Library Subscription: Guest
Home Archives Officers Future meetings American Society of Thermal and Fluids Engineering
First Thermal and Fluids Engineering Summer Conference

ISSN: 2379-1748
ISBN: 978-1-56700-430-4

NUMERICAL AND EXPERIMENTAL INVESTIGATION OF BUBBLE ATTACHMENT TO A SUBSTRATE

DOI: 10.1615/TFESC1.mph.012563
pages 1929-1938

Javad Esmaeelpanah
Center for Advanced Coating Technologies, Department of Mechanical and Industrial Engineering, University of Toronto, Toronto, Ontario, Canada, M5S 3G8

Pavani Cherukupally
Center for Advanced Coating Technologies (CACT), Department of Mechanical and Industrial Engineering, University of Toronto, Toronto, Ontario, Canada, M5S 3G8

Sanjeev Chandra
Center for Advanced Coating Technologies, Department of Mechanical and Industrial Engineering, University of Toronto, Toronto, Ontario, Canada, M5S 3G8

Javad Mostaghimi
Center for Advanced Coating Technologies, Department of Mechanical and Industrial Engineering, University of Toronto, Toronto, Ontario, Canada, M5S 3G8


KEY WORDS: bubble impact, simulation, volume-of-fluid, roughness

Abstract

A combined numerical and experimental study was performed to study the attachment of bubbles to solid surfaces immersed in water. A 1.3 mm diameter air bubble was injected from a needle into a column of water. The horizontal test substrate was submerged underwater above the tip of the needle. The distance from the tip of the needle to the substrate was varied from 1 to 10 mm to study the effect of impact velocity and bubble deformation prior to impact on bubble attachment. Glass (hydrophilic) and Teflon (hydrophobic) surfaces were tested. It was observed that at higher impact velocities (0.24 m/s, near the bubble terminal velocity) the bubble bounced off the substrate several times before finally attaching to the surface. At low impact velocity (~0.1 m/s) bubbles attach to the surface without bouncing. Bubbles attached readily to hydrophobic surfaces on which the liquid film separating the bubble and substrate ruptured more easily. The multiphase fluid flow equations were solved with a numerical scheme that uses a two-step projection technique. The interfacial surface tension force was modeled as a body force using a continuum-surface-force (CSF) technique. A volume-of-fluid method and Youngs algorithm were employed to track and reconstruct the free surface. Bubble motion and impact were simulated and liquid pressures and velocities that prevent attachment to the surface calculated. The results shows that a film does not rupture at higher impact speed due to lower interaction time. Additionally, it was found that the roughness stabilizes the ruptured film.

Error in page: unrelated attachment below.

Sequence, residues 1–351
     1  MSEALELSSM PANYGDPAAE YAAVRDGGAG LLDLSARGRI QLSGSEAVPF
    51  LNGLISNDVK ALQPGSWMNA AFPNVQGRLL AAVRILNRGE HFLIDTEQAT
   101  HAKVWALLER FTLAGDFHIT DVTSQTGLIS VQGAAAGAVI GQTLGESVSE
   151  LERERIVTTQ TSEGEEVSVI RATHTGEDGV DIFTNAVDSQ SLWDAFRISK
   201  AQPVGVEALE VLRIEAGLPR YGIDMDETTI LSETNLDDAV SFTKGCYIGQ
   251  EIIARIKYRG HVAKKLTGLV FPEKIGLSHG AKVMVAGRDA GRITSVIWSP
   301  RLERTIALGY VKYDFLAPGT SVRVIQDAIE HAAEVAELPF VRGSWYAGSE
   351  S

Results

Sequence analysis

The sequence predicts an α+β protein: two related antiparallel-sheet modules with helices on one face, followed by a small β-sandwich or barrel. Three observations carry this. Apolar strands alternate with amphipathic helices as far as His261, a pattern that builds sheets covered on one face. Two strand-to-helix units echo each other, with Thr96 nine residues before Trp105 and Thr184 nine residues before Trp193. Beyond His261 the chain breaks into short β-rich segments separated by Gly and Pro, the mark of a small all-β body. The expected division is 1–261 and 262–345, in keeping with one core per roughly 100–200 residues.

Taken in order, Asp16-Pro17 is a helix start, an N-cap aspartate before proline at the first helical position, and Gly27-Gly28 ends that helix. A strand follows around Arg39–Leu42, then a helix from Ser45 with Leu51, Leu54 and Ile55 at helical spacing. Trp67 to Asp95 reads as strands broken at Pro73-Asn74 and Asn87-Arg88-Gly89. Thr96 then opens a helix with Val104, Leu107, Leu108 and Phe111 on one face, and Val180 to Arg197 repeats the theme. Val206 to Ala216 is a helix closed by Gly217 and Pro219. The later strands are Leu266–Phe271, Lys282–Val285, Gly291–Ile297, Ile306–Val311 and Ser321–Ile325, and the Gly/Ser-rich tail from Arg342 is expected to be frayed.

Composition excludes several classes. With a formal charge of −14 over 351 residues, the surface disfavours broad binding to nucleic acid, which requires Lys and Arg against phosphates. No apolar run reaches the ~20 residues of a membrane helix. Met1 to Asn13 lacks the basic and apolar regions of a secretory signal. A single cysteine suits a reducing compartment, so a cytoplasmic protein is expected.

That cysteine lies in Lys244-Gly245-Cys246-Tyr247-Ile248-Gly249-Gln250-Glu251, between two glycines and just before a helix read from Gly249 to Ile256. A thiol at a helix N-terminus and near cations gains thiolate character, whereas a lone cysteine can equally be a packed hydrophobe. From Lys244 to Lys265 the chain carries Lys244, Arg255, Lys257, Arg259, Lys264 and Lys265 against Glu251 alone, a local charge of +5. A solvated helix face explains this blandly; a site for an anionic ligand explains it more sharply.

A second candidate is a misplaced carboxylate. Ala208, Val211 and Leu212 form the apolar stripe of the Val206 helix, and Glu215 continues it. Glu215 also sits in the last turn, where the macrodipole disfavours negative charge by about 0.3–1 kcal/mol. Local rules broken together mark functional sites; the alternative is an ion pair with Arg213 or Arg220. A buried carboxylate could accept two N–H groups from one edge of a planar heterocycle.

Purchase $20.00 Check subscription Publication Ethics and Malpractice Recommend to my Librarian Bookmark this Page